Custom filters are written using GLSL, the same shading language as WebGL. They allow you to apply these shaders to DOM elements through CSS, enabling complex blending effects and 3D distortion. At the bottom of the site, when you click ‘Explore the President Tree’, you’ll see the page curl up to reveal another section underneath. This is just one example of how custom filters can allow rich transitions between content. The animation can be achieved using CSS transitions. However, if you’d like to use more robust animations or interactions than transitions allow, you can pass values to your shader by setting the style with javascript as can be seen below. This can allow you to have more granular control over easing or even allow methods of user input to manipulate the shader.

function applyCurl(value) {
    "custom(url(page-curl.vs) mix(url(page-curl.fs) normal source-atop),"
    + " 50 50, transform perspective(1000) scale(1.0) rotateX(0deg) "
    + " rotateY(0deg) rotateZ(0deg), curlPosition "
    + value + " 0, curlDirection 104, curlRadius 0.2, bleedThrough 1.0)");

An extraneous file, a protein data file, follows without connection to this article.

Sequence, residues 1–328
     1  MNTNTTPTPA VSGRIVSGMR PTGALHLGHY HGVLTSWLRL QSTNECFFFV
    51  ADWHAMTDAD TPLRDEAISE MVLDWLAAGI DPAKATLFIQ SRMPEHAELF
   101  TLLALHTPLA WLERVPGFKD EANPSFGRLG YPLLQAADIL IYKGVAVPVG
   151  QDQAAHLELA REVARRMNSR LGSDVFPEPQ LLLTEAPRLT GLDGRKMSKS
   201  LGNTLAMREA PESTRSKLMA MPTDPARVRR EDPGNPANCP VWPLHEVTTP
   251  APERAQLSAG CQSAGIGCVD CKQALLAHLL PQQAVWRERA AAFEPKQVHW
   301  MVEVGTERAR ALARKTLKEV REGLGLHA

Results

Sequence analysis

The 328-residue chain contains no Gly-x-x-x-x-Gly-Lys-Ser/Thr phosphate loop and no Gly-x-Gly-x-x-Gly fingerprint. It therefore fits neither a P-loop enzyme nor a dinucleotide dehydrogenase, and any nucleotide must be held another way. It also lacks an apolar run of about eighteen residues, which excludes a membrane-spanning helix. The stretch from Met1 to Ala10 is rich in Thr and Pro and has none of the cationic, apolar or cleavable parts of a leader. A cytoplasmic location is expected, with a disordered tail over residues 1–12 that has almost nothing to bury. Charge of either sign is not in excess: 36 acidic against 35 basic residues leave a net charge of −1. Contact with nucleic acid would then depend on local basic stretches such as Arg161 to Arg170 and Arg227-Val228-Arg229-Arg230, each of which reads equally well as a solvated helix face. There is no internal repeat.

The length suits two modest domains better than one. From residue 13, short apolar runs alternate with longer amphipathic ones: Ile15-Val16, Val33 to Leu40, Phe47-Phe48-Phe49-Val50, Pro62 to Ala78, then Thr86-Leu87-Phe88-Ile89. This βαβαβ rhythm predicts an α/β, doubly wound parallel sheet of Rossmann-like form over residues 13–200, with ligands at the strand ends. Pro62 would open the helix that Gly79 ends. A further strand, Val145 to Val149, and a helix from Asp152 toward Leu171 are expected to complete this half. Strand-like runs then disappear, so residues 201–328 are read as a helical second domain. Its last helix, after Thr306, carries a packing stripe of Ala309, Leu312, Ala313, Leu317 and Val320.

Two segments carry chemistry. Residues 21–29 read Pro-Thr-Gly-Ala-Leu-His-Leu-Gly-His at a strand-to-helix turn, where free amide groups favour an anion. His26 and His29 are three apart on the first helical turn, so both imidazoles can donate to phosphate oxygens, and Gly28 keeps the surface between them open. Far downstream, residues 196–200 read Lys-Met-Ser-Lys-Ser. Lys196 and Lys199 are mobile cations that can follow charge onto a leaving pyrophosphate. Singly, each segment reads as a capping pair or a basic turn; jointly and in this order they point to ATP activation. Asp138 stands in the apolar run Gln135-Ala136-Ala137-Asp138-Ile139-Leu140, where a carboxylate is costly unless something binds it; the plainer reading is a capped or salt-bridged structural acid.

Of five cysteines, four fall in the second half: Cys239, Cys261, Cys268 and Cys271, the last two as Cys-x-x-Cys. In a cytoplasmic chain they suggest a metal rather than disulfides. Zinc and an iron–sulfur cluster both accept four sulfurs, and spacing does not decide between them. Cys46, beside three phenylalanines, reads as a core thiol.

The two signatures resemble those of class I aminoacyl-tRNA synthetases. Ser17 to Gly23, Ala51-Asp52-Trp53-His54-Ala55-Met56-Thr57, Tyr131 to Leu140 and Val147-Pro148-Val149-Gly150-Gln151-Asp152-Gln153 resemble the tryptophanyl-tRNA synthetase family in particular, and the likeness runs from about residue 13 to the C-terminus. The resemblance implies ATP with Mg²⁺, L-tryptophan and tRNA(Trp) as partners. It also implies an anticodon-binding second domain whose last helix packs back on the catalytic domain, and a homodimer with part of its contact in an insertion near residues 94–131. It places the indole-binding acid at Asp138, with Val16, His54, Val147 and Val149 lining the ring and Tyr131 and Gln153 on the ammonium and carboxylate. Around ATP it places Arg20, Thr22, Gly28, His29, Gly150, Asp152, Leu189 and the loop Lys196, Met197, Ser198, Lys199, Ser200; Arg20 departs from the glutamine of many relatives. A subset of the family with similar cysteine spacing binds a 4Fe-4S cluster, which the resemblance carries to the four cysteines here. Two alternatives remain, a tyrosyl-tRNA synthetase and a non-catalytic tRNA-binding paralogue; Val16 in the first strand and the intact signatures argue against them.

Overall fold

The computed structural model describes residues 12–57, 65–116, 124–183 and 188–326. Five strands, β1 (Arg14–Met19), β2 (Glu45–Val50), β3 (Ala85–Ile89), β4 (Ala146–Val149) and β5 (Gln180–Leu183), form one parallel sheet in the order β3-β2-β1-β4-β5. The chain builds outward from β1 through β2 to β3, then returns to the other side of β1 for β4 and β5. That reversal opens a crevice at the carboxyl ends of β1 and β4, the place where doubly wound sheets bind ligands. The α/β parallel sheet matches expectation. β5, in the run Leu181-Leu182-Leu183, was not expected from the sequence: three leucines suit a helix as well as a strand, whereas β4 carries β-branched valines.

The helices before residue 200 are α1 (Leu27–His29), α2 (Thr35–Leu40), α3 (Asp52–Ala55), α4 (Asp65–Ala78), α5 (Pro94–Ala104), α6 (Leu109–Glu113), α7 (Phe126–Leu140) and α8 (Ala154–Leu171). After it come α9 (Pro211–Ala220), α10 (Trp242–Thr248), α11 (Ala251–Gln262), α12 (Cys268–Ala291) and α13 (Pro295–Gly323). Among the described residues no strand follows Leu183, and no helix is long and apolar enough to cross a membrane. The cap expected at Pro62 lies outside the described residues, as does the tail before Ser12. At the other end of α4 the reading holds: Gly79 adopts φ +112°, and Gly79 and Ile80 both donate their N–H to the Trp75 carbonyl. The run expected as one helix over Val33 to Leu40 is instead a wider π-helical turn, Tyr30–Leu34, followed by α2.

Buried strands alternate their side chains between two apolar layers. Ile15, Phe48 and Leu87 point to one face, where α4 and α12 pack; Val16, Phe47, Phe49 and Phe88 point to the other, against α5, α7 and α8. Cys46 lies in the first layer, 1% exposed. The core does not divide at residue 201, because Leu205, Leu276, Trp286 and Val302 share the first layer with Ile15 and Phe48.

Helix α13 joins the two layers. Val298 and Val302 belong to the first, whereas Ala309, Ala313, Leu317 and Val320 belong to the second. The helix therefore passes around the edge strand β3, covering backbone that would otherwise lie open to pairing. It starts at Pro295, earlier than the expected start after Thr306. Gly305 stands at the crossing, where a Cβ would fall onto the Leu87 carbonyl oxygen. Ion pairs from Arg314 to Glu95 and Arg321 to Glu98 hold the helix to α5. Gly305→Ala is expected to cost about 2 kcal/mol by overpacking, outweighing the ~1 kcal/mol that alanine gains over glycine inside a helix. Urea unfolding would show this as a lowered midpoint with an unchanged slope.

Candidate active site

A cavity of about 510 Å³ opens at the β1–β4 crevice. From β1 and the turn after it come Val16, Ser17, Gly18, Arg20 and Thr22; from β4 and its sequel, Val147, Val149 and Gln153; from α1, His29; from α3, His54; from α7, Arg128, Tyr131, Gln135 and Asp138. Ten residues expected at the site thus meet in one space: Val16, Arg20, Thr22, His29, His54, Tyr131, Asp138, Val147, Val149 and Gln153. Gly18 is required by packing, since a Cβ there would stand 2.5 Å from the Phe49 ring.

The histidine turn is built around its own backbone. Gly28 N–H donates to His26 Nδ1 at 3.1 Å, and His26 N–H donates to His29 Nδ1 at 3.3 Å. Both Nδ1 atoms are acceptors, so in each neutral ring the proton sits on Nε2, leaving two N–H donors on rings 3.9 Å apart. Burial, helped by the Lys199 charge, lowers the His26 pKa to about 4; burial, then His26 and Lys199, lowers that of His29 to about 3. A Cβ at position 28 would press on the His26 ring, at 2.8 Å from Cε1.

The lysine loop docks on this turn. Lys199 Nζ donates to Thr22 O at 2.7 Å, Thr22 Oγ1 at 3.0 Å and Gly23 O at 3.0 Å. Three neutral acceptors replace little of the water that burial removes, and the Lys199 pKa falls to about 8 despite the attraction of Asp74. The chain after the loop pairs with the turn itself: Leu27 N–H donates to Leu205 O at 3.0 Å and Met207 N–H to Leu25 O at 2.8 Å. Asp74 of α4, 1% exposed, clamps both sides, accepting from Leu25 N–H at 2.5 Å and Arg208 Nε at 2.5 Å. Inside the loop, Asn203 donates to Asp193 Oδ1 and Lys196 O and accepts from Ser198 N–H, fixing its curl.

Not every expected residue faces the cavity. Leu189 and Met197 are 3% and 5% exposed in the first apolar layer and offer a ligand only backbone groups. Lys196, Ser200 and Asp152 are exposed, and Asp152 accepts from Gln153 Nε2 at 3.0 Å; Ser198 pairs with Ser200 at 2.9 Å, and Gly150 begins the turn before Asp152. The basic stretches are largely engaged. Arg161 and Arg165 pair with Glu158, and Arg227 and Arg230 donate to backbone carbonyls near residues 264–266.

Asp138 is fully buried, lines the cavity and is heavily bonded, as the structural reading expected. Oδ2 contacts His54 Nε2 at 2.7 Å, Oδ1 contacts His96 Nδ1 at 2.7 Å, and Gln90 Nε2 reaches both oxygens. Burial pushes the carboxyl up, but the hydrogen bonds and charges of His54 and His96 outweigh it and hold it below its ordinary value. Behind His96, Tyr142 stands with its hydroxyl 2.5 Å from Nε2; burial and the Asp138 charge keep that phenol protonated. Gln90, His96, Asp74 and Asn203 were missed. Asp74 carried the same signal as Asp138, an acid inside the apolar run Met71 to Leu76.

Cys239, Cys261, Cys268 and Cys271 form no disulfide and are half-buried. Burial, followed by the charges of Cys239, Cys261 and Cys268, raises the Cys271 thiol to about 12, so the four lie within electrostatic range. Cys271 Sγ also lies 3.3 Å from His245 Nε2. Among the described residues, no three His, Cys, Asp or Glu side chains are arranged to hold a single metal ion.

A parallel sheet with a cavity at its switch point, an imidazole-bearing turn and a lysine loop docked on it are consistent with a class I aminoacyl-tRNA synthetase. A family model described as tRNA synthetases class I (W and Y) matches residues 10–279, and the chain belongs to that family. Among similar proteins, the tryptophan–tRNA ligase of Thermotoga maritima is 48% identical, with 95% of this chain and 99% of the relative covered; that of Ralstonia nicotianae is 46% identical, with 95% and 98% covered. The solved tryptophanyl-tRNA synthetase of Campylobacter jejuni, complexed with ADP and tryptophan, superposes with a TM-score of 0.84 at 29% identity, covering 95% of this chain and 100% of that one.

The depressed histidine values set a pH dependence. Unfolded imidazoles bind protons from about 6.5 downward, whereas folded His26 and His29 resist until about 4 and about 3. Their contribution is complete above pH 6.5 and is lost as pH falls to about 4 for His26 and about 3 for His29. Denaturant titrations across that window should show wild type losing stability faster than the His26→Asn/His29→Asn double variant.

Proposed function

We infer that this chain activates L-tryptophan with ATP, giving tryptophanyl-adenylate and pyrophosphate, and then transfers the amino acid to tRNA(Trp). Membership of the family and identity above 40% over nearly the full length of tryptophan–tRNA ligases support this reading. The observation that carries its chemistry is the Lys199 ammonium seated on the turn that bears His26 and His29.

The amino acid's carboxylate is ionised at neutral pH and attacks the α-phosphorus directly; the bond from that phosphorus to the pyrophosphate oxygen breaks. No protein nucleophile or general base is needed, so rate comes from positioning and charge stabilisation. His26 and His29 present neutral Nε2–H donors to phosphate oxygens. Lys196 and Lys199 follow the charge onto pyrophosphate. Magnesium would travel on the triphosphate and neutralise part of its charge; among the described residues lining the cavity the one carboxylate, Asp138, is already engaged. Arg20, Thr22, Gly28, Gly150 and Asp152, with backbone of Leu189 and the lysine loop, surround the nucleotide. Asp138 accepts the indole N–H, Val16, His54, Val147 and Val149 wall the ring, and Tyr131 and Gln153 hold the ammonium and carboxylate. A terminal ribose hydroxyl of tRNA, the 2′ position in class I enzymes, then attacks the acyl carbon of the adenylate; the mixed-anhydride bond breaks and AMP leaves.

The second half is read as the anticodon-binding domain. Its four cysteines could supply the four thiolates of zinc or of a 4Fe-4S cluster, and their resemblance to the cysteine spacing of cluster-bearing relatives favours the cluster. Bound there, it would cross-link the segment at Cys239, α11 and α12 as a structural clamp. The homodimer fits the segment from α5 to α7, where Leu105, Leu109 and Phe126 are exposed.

Our filter is rasterizing the content as a texture on the GPU to apply the effect. Because of this, we need to be sure to remove it when it’s finished, otherwise our content may appear blurry.

$("#map").css("webkitFilter", "none");

CSS custom filters enable interesting effects like page wrapping that looks like a page being flipped in a real book. They enable a web developer to program complex effects in a language called GLSL and apply it to web content. For more information on the details of custom filters, all those parameters, and how to use them, check out this great tutorial.

Page flip image

Pre-Render Textures in WebGL

The jewel of this article was the first complete image of ‘The President’, believed to be the second largest tree in the world by volume. This image was created by photo-stitching hundreds of photos of the tree to create a full picture. We wanted to simulate this process by breaking the image into a bunch of little photos that fly into place to create the full picture. This was achieved using WebGL, specifically with the Three.js library, which is a higher level API wrapper around WebGL.

Giant tree image